I remember reading somewhere that some of the primitive digital equipment in the 70s and 80s had limitations that often left analog versions sounding better. It wasn't until we perfected the digital process that digital recordings really sounded good. Part of the problem was that digital audio was seen as a way to eliminate hiss, when we didn't understand that our ears work best when quiet sounds fade gracefully into hiss.

    • Re:Loudness War (Score:5, Insightful)

      by bm_luethke (253362) <luethkeb@comcEEE ... inus threevowels> on Saturday December 29, 2007 @06:28AM (#21847214)
      Isn't this pretty much the point of the article? That due to customers mostly listening with bad equipment or compressed formats (mp3's) that the source has been degraded until one can not tell the difference? They are saying the same thing you are - users can't tell the difference, however their point is that the *should*. They are saying that you can not tell the effective difference because they *no longer sale the items where you can* (and they actually more blame the loudness war, of which they claim MP3's are the final end of that). Obviously under that situation one would expect to, well, not tell the difference.

      Personally it wasn't until you got into equipment that was so expensive that mostly I couldn't hope to afford it that I told the difference even with recording that *were* good. I have a few pieces of equipment that are good (my headphones are) but that mostly just lets me hear all the imperfections.

      Maybe once I can afford the price of my house in audio equipment I may care (and believe me, I would *love* too and am not complaining about anyone who has), but until then I don't so much. I do, however, agree with the idea that the "loudness war" (along with other problems) mostly destroyed most new music out there. Not because I can tell much difference in the quality of recordings but because the music in general is also created to take advantage of it instead of sounding good.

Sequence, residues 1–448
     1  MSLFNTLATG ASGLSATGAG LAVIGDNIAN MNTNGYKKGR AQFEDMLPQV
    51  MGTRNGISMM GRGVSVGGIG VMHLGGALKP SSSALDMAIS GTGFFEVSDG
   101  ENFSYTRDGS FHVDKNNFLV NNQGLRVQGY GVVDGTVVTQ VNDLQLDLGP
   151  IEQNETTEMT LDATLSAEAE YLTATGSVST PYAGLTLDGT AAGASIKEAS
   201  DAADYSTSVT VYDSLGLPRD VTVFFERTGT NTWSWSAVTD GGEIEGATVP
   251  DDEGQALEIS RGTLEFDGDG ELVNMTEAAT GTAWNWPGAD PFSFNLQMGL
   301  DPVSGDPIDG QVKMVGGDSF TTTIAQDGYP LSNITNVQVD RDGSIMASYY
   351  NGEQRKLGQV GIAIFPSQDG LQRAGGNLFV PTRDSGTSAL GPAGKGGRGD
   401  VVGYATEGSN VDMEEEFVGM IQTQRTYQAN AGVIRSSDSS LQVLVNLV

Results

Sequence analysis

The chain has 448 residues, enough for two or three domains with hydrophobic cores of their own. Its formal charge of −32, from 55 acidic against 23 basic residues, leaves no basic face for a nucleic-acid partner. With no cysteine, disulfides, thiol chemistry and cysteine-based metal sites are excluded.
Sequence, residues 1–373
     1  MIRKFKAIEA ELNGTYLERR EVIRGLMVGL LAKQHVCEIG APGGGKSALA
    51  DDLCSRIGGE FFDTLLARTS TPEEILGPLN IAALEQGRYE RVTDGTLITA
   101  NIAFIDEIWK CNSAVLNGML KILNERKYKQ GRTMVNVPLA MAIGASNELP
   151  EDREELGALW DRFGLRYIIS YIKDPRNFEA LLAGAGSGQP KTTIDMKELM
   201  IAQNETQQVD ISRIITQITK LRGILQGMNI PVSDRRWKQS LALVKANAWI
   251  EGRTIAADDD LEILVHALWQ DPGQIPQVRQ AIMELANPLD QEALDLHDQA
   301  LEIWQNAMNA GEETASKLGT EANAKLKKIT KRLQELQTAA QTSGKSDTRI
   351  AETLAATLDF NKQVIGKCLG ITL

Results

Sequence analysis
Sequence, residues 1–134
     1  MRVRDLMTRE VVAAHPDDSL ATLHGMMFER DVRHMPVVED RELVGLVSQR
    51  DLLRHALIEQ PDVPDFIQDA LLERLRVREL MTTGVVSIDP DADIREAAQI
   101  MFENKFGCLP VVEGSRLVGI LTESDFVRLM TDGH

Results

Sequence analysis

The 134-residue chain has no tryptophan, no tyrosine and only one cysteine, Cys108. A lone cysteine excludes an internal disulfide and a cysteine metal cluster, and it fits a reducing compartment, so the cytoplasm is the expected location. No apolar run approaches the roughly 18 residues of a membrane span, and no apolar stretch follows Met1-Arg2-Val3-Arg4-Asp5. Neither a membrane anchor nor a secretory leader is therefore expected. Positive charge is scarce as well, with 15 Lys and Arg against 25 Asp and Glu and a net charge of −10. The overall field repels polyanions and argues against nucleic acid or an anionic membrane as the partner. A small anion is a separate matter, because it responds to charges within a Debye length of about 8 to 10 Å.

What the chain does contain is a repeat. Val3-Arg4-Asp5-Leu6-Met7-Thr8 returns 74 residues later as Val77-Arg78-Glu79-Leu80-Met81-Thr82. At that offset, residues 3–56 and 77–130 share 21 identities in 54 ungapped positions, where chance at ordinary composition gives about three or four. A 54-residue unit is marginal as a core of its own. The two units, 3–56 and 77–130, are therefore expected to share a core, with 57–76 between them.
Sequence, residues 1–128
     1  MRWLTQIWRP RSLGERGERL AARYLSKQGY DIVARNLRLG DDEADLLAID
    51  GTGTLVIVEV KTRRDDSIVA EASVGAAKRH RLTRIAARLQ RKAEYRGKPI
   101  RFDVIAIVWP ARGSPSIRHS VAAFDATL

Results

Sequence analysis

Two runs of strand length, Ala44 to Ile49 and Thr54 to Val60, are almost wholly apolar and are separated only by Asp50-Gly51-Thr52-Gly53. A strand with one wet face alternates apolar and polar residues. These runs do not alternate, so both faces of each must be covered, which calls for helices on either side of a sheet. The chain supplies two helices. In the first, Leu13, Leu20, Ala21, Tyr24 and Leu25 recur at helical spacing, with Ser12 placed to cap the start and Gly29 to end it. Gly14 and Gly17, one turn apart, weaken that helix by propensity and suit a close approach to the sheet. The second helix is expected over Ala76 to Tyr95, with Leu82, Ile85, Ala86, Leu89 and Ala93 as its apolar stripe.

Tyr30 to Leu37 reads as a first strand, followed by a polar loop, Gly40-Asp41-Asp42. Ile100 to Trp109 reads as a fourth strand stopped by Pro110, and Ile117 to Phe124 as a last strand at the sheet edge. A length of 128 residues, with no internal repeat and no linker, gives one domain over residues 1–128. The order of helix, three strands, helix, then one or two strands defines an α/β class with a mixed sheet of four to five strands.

• by foobsr (693224) *
      Double blind testing shows no perceptible difference between a good MP3 and the source material for most listeners most of the time

      Which, as far as my understanding goes, gives evidence of a difference. Besides, good practice to enhance fidelity is to quote a source.

      CC.
      • Re: (Score:3, Funny)

        by stewbacca (1033764)
        Well, to be fair, I've seen at LEAST three articles just on slashdot showing the same findings. Does he really need to cite the obvious?
    • by syukton (256348)
      You missed the point. If a CD itself is being recorded to compensate for being compressed as an MP3, of course there wouldn't be a perceptible difference!

      If a raw, live performance in a studio is imperceptibly different from a recording of that performance, that's another matter all together, and it doesn't seem to be something that is being tested in the sorts of comparison studies you mention.

    • Of course it doesn't show any difference. That's because most people do not listen to music any more; it's just noise in the background that they are used to having. No matter how loud the producers make the music, nobody will notice their songs. Face it, music has become a part of the ambient environment, and actually listening to it is the very process that is dying. Hence the death of the HiFi.